This notion has never been accurate. The statutory categories of persons prohibited from firearm possession have been used to encompass individuals who have never displayed a predilection towards violence; for example, those convicted of nonviolent felonies and those assigned a fiduciary to manage their benefits from the Department of Veterans Affairs. However, DOJ’s decision to prosecute a mere fraction of NICS denials further undermines this anti-gun narrative, as it suggests that the DOJ considers the vast majority of those denied by NICS to pose little threat to the public. Whether DOJ’s current passive posture towards those denied by NICS is appropriate is a point of legitimate debate, however, DOJ’s stance is certainly at odds with some of the gun control establishment’s favorite talking points.
In addition to the important information on NICS prosecutions, the IG report also shed light on data that shows the severe danger that recent efforts to close the so-called “Charleston loophole” pose to many non-prohibited individuals’ ability to exercise their Second Amendment rights.
Despite what gun control supporters contend, for many people the National Instant Criminal Background Check System isn’t “instant” at all. In 2015, nearly 10 percent of federal NICS transactions were delayed for further review. A delay can occur if a NICS check uncovers a criminal justice record, but system that lacks information on the final disposition of the case. Alternatively, as FBI has noted in their NICS fact sheet, a prospective firearms transferee might be delayed for simply sharing a “similar name and/or similar descriptive features” with an individual with a potentially prohibiting record.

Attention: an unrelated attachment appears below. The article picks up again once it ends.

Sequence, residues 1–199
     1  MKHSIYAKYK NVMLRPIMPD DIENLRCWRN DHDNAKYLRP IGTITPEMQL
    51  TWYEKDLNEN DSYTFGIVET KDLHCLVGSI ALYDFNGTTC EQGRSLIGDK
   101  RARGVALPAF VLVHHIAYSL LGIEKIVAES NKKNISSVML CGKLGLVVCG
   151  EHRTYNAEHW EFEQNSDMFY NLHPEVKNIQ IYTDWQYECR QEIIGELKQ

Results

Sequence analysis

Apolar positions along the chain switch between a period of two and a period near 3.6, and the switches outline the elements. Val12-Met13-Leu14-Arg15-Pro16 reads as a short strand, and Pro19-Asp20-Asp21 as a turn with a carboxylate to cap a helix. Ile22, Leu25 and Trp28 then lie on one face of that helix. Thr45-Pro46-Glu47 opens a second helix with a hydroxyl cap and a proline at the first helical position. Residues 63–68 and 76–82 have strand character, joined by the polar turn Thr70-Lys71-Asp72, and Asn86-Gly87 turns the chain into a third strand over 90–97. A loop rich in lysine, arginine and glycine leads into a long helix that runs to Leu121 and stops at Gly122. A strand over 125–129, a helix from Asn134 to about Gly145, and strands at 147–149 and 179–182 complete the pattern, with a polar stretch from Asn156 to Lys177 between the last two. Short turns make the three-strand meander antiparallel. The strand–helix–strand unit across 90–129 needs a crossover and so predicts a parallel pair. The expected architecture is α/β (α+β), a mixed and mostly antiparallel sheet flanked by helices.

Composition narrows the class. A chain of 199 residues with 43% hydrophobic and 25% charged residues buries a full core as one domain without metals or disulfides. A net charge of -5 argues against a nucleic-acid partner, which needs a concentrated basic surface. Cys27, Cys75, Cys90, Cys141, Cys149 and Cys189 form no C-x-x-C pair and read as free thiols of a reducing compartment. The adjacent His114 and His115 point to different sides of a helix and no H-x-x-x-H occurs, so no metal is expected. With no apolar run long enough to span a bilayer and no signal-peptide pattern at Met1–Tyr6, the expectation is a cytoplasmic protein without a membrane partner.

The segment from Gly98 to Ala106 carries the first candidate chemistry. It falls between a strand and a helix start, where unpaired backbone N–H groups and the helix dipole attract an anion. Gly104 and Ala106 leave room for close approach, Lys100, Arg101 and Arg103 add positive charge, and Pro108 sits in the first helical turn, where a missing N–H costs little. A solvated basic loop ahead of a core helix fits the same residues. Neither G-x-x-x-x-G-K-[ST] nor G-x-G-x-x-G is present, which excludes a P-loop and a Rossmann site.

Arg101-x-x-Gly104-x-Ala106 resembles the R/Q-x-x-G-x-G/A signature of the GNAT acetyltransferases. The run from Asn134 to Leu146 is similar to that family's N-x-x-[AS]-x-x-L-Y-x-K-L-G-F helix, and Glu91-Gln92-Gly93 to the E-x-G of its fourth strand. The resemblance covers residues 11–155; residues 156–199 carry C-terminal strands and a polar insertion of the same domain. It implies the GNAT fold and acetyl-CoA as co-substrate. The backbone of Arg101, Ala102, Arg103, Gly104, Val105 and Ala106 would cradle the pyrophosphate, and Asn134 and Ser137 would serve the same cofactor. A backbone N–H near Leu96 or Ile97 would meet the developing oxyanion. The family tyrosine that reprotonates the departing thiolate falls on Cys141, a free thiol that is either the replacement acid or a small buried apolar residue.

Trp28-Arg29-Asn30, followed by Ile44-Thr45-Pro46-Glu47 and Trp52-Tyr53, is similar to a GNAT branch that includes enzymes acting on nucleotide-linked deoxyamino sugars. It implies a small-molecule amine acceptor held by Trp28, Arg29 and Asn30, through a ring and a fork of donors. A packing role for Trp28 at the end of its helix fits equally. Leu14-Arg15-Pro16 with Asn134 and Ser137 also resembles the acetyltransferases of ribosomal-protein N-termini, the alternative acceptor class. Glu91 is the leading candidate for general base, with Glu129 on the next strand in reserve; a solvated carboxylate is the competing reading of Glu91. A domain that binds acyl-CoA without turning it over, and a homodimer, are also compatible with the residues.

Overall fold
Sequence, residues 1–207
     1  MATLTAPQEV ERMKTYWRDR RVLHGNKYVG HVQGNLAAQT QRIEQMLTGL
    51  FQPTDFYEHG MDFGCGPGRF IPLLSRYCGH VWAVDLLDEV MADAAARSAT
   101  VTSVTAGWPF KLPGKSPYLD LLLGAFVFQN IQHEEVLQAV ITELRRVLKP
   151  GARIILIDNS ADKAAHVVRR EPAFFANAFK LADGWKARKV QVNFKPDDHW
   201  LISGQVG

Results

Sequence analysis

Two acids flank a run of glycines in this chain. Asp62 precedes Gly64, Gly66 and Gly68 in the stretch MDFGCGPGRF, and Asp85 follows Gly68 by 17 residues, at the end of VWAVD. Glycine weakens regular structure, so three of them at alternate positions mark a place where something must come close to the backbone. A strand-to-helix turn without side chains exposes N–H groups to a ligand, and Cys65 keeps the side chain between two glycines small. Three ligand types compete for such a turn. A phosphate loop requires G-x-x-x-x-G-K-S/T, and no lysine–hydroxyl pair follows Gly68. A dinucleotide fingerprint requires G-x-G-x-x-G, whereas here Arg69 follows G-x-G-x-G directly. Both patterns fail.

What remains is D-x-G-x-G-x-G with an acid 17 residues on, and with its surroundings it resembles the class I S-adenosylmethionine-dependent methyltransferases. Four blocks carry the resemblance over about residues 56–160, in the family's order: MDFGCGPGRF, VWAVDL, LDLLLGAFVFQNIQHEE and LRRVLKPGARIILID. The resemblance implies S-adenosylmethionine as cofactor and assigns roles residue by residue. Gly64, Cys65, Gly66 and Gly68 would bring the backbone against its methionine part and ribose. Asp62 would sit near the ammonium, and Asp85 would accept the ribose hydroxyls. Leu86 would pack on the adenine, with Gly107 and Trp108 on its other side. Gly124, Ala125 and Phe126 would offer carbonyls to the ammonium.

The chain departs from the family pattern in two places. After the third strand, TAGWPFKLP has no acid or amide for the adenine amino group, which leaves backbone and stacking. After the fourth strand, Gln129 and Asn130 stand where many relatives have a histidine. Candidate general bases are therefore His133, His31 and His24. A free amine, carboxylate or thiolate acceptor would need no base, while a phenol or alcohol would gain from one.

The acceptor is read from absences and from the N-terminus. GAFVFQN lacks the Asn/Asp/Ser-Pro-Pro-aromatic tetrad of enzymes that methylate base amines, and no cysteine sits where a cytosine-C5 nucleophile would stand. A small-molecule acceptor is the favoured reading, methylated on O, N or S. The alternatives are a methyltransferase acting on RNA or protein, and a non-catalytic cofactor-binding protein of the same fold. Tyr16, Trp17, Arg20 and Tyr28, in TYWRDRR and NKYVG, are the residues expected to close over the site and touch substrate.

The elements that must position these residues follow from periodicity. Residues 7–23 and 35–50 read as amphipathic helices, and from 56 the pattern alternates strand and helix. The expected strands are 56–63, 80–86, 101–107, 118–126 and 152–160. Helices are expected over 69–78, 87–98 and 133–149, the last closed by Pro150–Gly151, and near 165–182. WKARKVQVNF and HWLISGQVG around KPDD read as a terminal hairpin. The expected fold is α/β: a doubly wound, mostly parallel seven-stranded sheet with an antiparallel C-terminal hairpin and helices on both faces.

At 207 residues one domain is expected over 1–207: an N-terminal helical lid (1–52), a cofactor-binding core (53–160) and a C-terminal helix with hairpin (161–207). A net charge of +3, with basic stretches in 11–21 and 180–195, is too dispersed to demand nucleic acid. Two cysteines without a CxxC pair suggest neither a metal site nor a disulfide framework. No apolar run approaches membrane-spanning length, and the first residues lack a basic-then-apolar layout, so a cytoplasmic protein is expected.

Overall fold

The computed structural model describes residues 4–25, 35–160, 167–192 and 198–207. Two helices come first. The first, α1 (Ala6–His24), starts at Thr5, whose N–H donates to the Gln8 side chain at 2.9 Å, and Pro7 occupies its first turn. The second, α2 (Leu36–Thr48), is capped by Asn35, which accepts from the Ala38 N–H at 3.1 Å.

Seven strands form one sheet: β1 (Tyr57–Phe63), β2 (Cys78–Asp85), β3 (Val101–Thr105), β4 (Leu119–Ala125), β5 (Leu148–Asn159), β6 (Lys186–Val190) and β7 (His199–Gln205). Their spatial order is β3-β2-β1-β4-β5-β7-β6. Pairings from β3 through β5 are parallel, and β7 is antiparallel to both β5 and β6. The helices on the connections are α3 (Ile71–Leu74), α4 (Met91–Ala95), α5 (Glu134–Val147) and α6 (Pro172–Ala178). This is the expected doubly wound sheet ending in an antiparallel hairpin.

In these instances, the transaction is referred to a NICS examiner for further review. In carrying out their duties, examiners are often required to contact various federal or state agencies to uncover further information regarding the prospective gun buyer. If after three days the examiner does not uncover prohibiting information on the gun buyer, the firearms transfer may go forward at the discretion of the transferor. However, in these cases, examiners may continue to search for prohibiting information on the gun buyer for up to 90 days following the initial background check.
The IG report found the following:
From FY 2003 through May 2013, about 1.3 million (2 percent) of almost 64 million background checks remained in an open or pending status for over 88 days at which time they were purged from NICS.
Marketed by gun control supporters as “no check, no sale,” pending legislation seeks to do away with the three-day safety valve that permits a transfer to go forward if the government does not produce information that the prospective gun buyer is prohibited.
Regardless of the number of those affected, this type of legislation is unacceptable, as it removes the burden that the government has to marshal evidence to prove that an individual is prohibited from possessing firearms before they can deprive that individual of their Second Amendment rights.
However, the IG report is important in that it highlighted the incredible scope of transactions that would be implicated by such impermissible legislation. The figures presented in the IG report make clear that this legislation has the potential to indefinitely delay millions of firearms transfers, all in instances where the government has failed to meet its burden to produce evidence that the person is in fact prohibited from possessing firearms. Worse, if enacted in concert with legislation that would criminalize the private transfer of firearms, non-prohibited individuals who are subject to such delays would have no lawful means of acquiring firearms. As NRA has previously noted, legislation to eliminate the three-day safety valve amounts to a backdoor gun prohibition.
The lackluster enforcement of current background check laws illustrated in the IG report should cause honest politicians and the public to question the efficacy of foisting further firearm transfer restrictions on America’s gun owners. Those concerned with crime perpetrated with firearms should recognize that the federal government already has the necessary tools to combat the criminal misuse of firearms, and that it is largely up to the executive branch to make effective use of them.